Postwar Ugly or Postwar Chic?

Calgary has a lot of squat apartment buildings built in the 1950s and 60s. Unlike their counterparts in Vancouver, which tend towards a breezy, pastel-coloured Art Moderne kind of style, these are typically clad in frumpy brown brick. They look cheap and outdated, but I’ve noticed a handful of such buildings that have undergone renovations […]

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Calgary Scrambles

I’m in Calgary at the moment. This is a fast-growing, fast-changing city, and there are a couple of interesting changes that I noticed while I was here. One of them is the introduction of two new scramble crossings in the Eau Claire neighbourhood of the city’s downtown area. Often associated with Tokyo’s famous Shibuya Crossing, […]

No Poor People Here

Every summer, Prince’s Island — a beautiful island park in the Bow River, right next to downtown Calgary — plays host to a number of large festivals, including the always-interesting folk music festival, which took place last week with some big headliners and great enthusiasm. These festivals are an asset to the cultural life of […]

Posted in: Art and Design, Canada, Politics, Public Space, Society and Culture by Christopher DeWolf Comments Off on No Poor People Here , , , ,

Mount Royal at Night

For years, I ignored the brooding hulk of Mount Royal at night, pausing only occasionally to contemplate the shape of its silhouette or the glow of the cross atop it. It was only recently that I actually began to venture onto the mountain after dark, well after most park-goers head home, and when the woods […]

Hong Kong Doorways: Shuttered

Metal shutters are common in many cities; Hong Kong is no exception, especially since many of its shops lack doors altogether, making the shutter the only way to seal it up at night. Every so often, just after a store has closed or before it has opened, a small door is left open in the […]

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Bière Froide

Chicoutimi, Quebec

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Montreal East

Montreal East is a small separate city whose territory is mostly occupied by oil refineries and other industrial installations, some of which are objectively interesting as photographic subjects, whether by day or glittering with lights at night. There’s always a tang of sulphur in the air from the hydrocarbon cracking. The streets are in poor […]

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Cops and Crowds

Police officers on Ste. Catherine Street, Montreal

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La Belle Province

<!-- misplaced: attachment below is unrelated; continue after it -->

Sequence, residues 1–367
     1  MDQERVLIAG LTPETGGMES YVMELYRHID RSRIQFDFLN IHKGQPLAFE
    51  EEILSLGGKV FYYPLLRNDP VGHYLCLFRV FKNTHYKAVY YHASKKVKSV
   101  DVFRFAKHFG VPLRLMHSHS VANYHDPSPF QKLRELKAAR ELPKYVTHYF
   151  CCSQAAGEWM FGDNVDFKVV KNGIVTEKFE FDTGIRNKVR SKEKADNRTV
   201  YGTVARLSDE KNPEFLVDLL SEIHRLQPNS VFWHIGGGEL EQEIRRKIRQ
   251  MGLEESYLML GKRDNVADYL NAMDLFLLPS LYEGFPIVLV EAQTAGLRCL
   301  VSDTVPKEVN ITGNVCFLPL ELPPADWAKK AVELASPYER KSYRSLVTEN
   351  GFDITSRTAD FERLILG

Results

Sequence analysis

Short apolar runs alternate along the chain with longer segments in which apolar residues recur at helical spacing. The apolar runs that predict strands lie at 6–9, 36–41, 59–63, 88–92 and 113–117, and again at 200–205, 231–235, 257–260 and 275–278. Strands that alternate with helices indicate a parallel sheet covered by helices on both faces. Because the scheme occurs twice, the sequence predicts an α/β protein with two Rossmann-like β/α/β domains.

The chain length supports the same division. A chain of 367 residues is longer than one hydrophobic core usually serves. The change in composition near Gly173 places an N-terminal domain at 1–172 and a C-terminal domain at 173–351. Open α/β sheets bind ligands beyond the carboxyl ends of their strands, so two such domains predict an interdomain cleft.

Ugly building on the main street of Saint Georges de Beauce Many of Quebec’s smaller cities are grim, depressing places. Like most cities in North America, they witnessed a period of downtown decline during the suburban explosion of the fifties and sixties. People moved out, shops closed, and buildings were razed and replaced by parking […]

Everywhere People

2005 2008 My life in Montreal is full of what my friends call “everywhere people,” strangers whom I see on a regular basis, walking down the street, sitting in a café, on the metro, in line for a movie. I don’t know them and I have no reason to talk to them, but they give […]

Another Time, Another City

The National Film Board of Canada is about to release La mémoire des anges, a new film by Luc Bourdon about life in 1950s and 60s Montreal, created by stitching together footage from the NFB’s vast archives. If this trailer is any indication, it will be an absolutely fascinating look at a city that, for […]

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Walking Outremont’s Parks

On a warm day—or, even better, on a warm night—I like to walk through Outremont. It’s one of Montreal’s most picturesque boroughs, with streets as orderly and genteel as many of its inhabitants. Like Westmount, Outremont was conceived almost from the beginning as an enclave of the well-to-do. Building codes mandated large setbacks, abundant greenery […]

The Main from Two Angles

St. Laurent Blvd. just below René Lévesque Blvd.

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NDG Evening

Earlier this month I accompanied my friends on a nostalgic walk through NDG, the sprawling west end neighbourhood in which they used to live. Developed in the early twentieth century on some of Montreal’s most fertile land—the famed Montreal Melon once grew there—NDG was for the first part of its history a fairly humdrum suburb […]

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